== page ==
MadSci Network: Genetics |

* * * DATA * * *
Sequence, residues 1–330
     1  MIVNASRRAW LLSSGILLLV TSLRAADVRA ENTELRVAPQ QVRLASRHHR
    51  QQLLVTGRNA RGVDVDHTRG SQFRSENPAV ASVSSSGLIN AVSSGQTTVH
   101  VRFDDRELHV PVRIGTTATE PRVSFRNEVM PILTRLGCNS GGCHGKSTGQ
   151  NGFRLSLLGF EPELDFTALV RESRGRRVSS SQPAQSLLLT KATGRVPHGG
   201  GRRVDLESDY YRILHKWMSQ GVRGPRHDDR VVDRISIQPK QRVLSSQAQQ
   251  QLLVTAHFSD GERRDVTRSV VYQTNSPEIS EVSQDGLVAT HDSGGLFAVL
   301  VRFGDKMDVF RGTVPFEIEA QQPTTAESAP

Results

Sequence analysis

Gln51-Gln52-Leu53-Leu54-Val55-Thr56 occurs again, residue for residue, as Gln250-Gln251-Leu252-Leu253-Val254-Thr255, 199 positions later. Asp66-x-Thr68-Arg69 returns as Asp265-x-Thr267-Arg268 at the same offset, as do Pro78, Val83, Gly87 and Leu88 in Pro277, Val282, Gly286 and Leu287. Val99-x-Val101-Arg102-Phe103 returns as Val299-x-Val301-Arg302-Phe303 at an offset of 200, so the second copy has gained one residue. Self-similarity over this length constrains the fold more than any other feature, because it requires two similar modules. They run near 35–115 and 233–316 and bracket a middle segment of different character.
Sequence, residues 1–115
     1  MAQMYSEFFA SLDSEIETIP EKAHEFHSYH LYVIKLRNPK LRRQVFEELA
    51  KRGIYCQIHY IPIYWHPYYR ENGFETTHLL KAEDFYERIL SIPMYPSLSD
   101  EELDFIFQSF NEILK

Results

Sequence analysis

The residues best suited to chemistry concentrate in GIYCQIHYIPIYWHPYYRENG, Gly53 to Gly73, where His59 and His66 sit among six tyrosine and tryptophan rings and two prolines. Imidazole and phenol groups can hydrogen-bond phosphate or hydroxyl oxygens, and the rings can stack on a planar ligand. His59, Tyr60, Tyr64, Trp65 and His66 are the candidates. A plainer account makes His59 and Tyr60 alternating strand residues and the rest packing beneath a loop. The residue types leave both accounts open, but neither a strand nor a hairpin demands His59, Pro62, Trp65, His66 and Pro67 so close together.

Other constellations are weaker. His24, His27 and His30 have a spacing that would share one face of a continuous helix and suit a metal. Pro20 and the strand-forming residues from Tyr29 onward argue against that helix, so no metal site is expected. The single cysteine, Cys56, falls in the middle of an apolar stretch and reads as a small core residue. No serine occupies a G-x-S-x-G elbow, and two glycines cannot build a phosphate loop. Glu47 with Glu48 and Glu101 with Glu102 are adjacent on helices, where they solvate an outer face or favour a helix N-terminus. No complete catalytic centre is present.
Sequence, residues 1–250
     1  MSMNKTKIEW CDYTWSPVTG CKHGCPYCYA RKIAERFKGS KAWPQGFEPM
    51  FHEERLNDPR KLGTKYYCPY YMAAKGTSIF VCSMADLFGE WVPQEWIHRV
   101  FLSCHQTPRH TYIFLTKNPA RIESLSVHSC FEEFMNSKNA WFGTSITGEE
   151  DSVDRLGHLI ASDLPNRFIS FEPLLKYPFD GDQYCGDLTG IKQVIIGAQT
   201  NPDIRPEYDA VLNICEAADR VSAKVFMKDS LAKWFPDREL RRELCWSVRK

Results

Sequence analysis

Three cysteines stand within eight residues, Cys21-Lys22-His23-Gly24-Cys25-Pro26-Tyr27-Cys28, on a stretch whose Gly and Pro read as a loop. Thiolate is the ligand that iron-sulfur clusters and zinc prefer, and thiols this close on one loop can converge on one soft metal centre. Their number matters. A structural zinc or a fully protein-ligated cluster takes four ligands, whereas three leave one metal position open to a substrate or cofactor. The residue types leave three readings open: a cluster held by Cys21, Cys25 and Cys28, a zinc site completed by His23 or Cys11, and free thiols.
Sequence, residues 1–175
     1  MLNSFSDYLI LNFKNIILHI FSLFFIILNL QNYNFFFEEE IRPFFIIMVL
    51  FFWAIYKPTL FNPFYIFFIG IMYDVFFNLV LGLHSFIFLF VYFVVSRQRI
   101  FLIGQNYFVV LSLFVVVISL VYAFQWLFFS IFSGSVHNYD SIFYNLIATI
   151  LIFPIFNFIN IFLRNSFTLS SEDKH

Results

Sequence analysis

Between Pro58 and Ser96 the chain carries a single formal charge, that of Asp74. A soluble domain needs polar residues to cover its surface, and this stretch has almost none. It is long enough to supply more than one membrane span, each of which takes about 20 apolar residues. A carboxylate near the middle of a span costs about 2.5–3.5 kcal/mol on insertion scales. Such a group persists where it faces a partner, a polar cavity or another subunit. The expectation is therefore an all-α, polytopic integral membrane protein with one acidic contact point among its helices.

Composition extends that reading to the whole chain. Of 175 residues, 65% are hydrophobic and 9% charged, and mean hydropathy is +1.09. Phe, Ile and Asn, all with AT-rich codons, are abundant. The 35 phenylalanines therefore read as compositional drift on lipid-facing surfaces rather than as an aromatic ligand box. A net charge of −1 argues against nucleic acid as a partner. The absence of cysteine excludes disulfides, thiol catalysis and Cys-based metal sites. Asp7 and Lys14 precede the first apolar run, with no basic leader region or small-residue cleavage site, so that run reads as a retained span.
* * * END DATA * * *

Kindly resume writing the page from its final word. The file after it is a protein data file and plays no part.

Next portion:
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Greetings - Check out the links on the following page: Re: Explain the Punett Square . You might find some more examples on Punnett squares there. As long as you have every combination of alleles on the top row and first column of your Punnett square, you should be doing it right. An easier way, if you're looking for the probability of a certain genotype, is to do each cross independantly as a simple statistical probability problem. For example, if you're crossing TtSsAa X TtSsAa and wondering about the chance of getting TtSSaa, you could look at each trait separately and multiply the probabilities to get the combined probability. I.e. Tt X Tt gives 1/2 Tt Ss X Ss gives 1/4 SS Aa X Aa gives 1/4 aa (do a Punnett square if you're unconvinced of these numbers) So, the chance of TtSSaa together is 1/2X 1/4 X 1/4 = 1/32! In the real world, geneticists often find the above method much much easier than doing Punnett squares, though I do admit, they are fun! Sanjida Rangwala, Admin MadSci Network

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